The Green religion is dying. You can see the evidence of this in the latest Gallup survey showing the number of Americans who identify as “Environmentalist” down to 42 percent (from 78 percent in 1991). But even more telling, I think, are the glimmers of anti-Green scepticism we’re now starting to see in movieland and on TV.
All right, so Michael Crichton got there first with State of Fear (2005) but that movie would certainly never have slipped under the net if it hadn’t had the creator of Jurassic Park‘s name attached. It’s only in the last couple of years that screenwriters have started to recognise what a good idea it is to choose environmentalists as your bad guys: pure evil draped in cuddly, fluffy sanctimoniousness is drama gold.
See, for example, Kingsman (2014) which cast Samuel L Jackson as an insane Malthusian bent on wiping out most of the human race for the good of the planet; and also Utopia (2013), the genius, black as your hat thriller (insanely nixed after its second series by Channel 4) about a similar “the Earth has a cancer; the cancer is man” type conspiracy.
Now there’s a Nordic Noir TV series I strongly recommend you watch – just out on DVD – called Follow The Money. The Guardian hated it – which is a recommendation in itself. But what’s even better is the reason why I suspect the Guardian hated it: it couldn’t quite get its head around the fact that the bad guys aren’t in Big Oil or the Military Industrial Complex or some faceless corporation. Instead, the baddies work for a renewable energy company with the caring, sharing name Energreen.
This is a brilliant conceit – if, to me, a blindingly obvious one. If you’re going to write a thriller about devious corporate types engaged in a massive conspiracy the obvious place to set it is in the renewable energy sector because – being entirely dependent on government regulation, special favours, compulsion, dodgy data and outright lies – it lends itself so naturally to corruption and intrigue.
It was written by Jeppe Gjervig Gram, creator of Borgen – Denmark’s answer to The West Wing. Disappointingly, it turns out that Gram is not at all anti-green: he actually likes wind farms. So why then, I asked him, did he make his renewable chums the bad guys?
“Because it’s more interesting for me as a writer,” he says “When I was writing Borgen, the scenes I enjoyed most were the ones where the idealistic heroine was forced to do bad things. Watching decent politicians behaving badly is more interesting than watching corrupt politicians behaving badly.”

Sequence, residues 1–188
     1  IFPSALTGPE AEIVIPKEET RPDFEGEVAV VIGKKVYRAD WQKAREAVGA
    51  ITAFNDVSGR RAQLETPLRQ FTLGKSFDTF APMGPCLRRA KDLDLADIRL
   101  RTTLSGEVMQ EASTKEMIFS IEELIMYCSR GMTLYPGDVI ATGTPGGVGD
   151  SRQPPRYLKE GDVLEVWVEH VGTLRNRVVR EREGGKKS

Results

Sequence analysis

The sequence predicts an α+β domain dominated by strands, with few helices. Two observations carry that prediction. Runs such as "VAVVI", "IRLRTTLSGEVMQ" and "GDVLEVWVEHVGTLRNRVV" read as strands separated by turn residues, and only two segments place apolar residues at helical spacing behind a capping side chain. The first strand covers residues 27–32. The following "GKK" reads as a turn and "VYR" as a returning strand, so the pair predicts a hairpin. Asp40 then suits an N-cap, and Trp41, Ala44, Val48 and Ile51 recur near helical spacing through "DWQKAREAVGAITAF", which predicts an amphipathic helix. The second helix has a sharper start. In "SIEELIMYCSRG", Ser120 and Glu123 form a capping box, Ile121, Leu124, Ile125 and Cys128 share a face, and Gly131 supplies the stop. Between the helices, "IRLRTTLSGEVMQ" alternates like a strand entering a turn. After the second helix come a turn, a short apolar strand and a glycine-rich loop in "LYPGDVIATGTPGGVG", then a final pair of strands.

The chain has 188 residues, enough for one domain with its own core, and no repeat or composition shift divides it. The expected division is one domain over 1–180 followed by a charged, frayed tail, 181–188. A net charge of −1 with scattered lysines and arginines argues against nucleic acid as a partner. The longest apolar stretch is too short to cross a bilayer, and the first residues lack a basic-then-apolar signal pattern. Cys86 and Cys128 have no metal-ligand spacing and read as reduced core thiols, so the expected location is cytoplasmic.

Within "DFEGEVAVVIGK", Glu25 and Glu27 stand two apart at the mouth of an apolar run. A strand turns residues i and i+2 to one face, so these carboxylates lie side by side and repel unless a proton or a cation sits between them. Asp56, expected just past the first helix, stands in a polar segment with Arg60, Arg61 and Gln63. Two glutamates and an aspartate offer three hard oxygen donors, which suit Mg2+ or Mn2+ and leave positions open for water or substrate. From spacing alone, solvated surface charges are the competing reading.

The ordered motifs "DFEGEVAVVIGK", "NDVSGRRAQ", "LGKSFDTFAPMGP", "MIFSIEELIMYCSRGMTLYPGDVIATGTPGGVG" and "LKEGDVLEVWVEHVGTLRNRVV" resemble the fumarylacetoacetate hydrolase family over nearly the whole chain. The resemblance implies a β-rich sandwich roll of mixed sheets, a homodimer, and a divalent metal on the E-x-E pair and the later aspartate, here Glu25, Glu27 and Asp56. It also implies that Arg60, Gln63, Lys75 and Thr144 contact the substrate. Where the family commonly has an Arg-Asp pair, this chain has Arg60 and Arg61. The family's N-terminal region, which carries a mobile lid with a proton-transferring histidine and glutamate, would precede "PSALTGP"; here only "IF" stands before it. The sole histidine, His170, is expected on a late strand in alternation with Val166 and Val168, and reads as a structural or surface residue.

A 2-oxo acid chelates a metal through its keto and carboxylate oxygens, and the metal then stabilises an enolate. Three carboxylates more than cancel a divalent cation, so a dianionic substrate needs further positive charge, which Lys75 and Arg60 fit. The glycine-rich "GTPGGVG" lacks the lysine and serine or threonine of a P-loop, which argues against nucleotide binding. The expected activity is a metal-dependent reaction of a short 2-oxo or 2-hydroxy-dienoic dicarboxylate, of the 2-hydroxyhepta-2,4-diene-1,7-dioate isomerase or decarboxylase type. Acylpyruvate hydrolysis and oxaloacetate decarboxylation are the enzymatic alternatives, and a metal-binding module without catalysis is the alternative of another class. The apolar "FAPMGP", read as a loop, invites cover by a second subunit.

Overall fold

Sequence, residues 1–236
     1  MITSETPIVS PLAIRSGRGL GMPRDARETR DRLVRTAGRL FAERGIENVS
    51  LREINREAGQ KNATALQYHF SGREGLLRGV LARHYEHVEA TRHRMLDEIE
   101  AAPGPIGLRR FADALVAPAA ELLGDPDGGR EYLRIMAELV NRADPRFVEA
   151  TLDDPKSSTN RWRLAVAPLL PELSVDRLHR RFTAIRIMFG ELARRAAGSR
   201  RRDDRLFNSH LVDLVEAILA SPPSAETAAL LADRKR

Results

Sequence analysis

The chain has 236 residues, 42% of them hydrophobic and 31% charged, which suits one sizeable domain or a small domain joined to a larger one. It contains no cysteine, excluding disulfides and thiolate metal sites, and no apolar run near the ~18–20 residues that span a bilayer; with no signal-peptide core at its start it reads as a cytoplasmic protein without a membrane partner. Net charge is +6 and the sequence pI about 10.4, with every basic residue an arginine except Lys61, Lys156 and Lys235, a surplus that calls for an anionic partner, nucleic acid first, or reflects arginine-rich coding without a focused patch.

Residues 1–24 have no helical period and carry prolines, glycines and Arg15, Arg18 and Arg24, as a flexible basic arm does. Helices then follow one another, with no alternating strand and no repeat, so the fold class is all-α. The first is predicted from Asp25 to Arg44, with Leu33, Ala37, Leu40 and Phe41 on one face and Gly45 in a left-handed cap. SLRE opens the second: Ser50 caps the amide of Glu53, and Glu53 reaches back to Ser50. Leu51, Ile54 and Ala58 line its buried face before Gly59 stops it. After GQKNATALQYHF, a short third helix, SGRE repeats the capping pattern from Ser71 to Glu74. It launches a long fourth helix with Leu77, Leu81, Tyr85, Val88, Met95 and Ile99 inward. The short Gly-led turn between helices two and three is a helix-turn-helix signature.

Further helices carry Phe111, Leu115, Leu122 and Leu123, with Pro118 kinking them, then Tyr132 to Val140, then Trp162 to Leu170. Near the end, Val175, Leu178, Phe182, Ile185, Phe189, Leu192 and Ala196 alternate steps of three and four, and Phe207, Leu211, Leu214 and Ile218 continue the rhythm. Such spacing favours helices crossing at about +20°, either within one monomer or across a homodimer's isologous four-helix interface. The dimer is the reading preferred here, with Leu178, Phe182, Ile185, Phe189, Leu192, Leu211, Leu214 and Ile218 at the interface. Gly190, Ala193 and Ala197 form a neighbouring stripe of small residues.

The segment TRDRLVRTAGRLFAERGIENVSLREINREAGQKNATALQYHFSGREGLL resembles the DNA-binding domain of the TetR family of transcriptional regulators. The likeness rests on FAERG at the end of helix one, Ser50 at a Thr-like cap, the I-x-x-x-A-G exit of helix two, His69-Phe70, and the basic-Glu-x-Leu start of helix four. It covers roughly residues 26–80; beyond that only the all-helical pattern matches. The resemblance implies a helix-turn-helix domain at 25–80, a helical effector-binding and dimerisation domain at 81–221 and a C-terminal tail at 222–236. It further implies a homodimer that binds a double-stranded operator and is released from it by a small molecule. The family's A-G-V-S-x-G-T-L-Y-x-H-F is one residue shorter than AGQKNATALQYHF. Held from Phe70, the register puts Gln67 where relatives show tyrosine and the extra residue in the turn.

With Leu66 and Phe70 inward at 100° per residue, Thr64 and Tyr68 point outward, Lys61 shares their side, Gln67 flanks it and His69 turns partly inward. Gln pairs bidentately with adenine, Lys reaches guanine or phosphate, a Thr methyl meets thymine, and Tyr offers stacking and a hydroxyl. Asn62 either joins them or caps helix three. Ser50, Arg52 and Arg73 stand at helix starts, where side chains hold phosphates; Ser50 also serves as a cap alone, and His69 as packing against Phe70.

“In the same way, it would have been so easy for us to make the bad guys work in fracking or tobacco. But I wanted to set it in an industry that people believe in, that they think is going to be the future. The wind industry is perfect for this because everyone in Denmark likes it. I know I do.”
What’s most telling for me, though, is the reason Gram gives for having chosen renewables in particular.
“It’s so susceptible for fraud,” he says. “The big pension funds all want to put money in it because people are more and more ethically aware and want their money to go somewhere ‘good’. Which means that nobody asks too many questions. If I was a fraudster, that’s where I would be.”
The wind industry is huge in Denmark. And the Danes are very green. So I was pleasantly surprised to hear from Gram that there’d been no adverse reaction back home to Follow the Money‘s pretty nakedly anti-environmentalist plotline.
Perhaps this is just wishful thinking on my part. But I think it might be a hopeful sign. As the Italian Marxist Gramsci recognised, if you want to win the political wars then first you have got to win the culture wars. If even left-leaning, green-tinged screenwriters like the guy behind Denmark’s answer to The West Wing are starting to see the light then things are looking up for that hitherto beleaguered minority of us who have known all along that the Enviro Nazis and their fellow travellers and useful idiots are some of the most dangerous and repellant people on the planet.
By the end of the decade, I’m now pretty confident, we shall finally see the long awaited Hollywood screen adaptation of my book Watermelons. The big question is: who should play the author? Robert Redford, clearly, is too old. Mark Ruffalo is too obscure. Ed Begley Jr is too weird. Jude Law is too much of a ham. Leo DiCaprio is too stupid. Brad Pitt just not good looking enough. Over to my casting agent, I guess.
Follow the Money is available now on DVD & Blu-Ray through Nordic Noir & Beyond.